Overseas property sector – should there be doom and gloom?

Overseas property sector – should there be doom and gloom?

Overseas property and finance expert, Simon Conn, has over 35 years’ experience in the overseas property market and in this article, gives his opinion on overseas property investment in the wake of our decision to leave the European Union.

Since Brexit, there have many different comments in the press about how people feel the market and economy will develop during the next few months and most, unfortunately, have been rather dour.

From my experience of the overseas property and mortgage sector, although some clients have put their plans temporarily on hold, there have been very few outright cancellations.

As I have stated in previous comments once the Brexit vote was known, there should not be any knee-jerk reactions and it will take time for markets to return to normality and further key decisions to be made – such as interest rate setting, Theresa May settling in as PM, exercising Article 50, new Trade deals to be sorted – HOWEVER, there are still opportunities to be sought.

In the most popular countries I deal with (France, Spain, Portugal and the USA), there are clients who are still purchasing, but with the following observations.

Interest rates continue to remain the lowest they have for many years, with many now choosing to also consider Fixed Rates with terms longer than 5 years, where pre-Brexit Variable Interest Rates or 2/3 year Fixed Rates were the norm.


Although prices may have increased for a Sterling buyer by 10% for those purchasing in a Euro or Dollar Zone, previous cash purchasers or those with a higher deposit are now approaching me with a more specific mortgage request, to cover any shortfall due to the currency exchange changes or shortfall.

For those UK based clients purchasing to rent out the overseas property (and not requiring a mortgage on the new asset), they could possibly benefit from the higher rent to be received when their Euro or Dollar rental payments received are converted back to Sterling.

With the speed of the political changes in the UK and the subsequent impact on the money markets, it is therefore definitely worthwhile in the next few months keeping watch on the overseas property industry and the different mortgage options that could be available.

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Latest Comments

Tony Gimple
Tony Gimple 09 Dec 2017

Linking professionalism to limited company borrowing is a flawed concept. Despite S24 etc., limited companies are the most tax inefficient way of running a property business and leave borrowers seriously...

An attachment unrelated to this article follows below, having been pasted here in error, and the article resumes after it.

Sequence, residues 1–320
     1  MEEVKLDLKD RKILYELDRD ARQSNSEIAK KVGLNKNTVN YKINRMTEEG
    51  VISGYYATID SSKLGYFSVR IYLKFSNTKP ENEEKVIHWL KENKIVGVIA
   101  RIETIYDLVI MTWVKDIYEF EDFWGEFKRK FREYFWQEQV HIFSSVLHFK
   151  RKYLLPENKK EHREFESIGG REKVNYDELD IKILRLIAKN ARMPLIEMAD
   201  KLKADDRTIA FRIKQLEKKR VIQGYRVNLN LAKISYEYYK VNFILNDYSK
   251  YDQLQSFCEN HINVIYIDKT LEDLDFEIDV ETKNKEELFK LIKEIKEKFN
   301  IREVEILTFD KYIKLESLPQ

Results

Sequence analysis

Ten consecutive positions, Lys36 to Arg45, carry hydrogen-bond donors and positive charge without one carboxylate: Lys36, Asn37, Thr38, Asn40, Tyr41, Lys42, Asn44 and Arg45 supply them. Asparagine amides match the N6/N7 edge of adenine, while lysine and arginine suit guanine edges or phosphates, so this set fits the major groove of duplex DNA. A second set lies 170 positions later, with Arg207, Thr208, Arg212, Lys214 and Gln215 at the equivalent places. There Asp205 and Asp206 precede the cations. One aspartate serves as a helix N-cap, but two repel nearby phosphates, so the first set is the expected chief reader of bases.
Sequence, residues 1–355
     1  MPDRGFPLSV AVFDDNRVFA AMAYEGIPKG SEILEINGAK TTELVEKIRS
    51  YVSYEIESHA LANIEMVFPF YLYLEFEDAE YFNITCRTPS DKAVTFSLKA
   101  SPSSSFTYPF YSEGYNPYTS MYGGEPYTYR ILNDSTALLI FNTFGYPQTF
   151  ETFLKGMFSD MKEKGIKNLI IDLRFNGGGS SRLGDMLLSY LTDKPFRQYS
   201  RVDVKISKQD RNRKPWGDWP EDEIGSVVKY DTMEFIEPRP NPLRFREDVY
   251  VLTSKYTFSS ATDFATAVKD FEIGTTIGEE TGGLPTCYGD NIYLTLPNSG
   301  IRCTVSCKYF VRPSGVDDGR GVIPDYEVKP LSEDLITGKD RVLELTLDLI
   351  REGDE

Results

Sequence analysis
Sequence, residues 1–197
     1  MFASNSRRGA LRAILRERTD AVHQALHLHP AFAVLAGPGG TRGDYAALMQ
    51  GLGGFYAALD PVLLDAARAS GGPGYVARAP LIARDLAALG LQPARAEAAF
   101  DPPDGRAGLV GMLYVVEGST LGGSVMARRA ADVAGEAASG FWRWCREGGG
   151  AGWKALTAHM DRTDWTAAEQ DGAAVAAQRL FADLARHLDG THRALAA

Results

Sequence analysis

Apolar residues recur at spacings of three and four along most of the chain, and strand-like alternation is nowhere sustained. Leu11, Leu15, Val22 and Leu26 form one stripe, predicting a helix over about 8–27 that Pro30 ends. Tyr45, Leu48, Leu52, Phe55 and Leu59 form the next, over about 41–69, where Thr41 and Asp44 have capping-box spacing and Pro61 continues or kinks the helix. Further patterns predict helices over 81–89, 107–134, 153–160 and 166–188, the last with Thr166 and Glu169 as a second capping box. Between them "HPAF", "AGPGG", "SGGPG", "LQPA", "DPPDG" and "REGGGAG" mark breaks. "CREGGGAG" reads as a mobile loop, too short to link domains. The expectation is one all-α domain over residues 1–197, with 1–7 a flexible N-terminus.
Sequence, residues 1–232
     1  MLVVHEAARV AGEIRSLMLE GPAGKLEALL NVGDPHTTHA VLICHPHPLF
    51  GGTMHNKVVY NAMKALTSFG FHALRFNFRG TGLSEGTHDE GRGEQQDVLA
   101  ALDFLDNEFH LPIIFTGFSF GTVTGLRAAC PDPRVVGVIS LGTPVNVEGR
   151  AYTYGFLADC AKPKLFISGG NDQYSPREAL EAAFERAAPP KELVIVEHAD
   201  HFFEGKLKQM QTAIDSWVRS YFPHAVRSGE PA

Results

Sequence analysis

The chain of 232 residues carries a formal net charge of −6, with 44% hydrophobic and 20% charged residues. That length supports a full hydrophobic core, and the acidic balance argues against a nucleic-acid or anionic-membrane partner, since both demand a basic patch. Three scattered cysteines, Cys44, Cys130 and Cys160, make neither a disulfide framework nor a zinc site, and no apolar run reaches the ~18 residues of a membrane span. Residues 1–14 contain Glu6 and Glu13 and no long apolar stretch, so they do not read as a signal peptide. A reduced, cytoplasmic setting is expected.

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Evelyn Attwood
Evelyn Attwood 01 Dec 2017

It's normal. If you plan to buy a house in one of the most beautiful spots in the country you should pay a high price.

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Evelyn Attwood
Evelyn Attwood 01 Dec 2017

I think that the situation will be the same at December.

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Scott Garnet
Scott Garnet 06 Nov 2017

If you have a patio or a porch it is important to make sure that any connecting doors are secured. Good advice for sliding glass doors is replacing the panels with storm resistant glass and getting heavier...

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richardrawlings
richardrawlings 01 Nov 2017

What has not been mentioned here is the effect of not only higher interest payments, but also that these payments are less likely to be offsettable as a business cost due to the scaling back of mortgage...

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Kelvin Lloyd
Kelvin Lloyd 09 Oct 2017

IT is up, to the Planners. If they will only give permission for bungalows on certain (suitable) sites, they will be built.

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maggie swift
maggie swift 09 Oct 2017

It's just the beginning of the shocking rise.

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maggie swift
maggie swift 09 Oct 2017

I have recently read that the bungalows can provide social housing for elderly residents in London.

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zoe glover
zoe glover 05 Oct 2017

Update! Worst company I have ever dealt with. Undervalued a Cambridge property by over 100k, wont take on any evidence of valuation including a RICS valuation done 3 years ago for the very same value...

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Paul Edwards
Paul Edwards 27 Sep 2017

Its nonsense articles such as this that make it harder to get clients to realise just how difficult the market is out there. When you see Rightmove and there are more 'price reduced' then 'new' most days...

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Tom Allen
Tom Allen 20 Sep 2017

Absolutely agree with you!

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RyanGeo
RyanGeo 18 Sep 2017

A sharp correction would be a less dramatic expression to use. That is already underway in certain sectors in Reading where I practice as Chartered Surveyor

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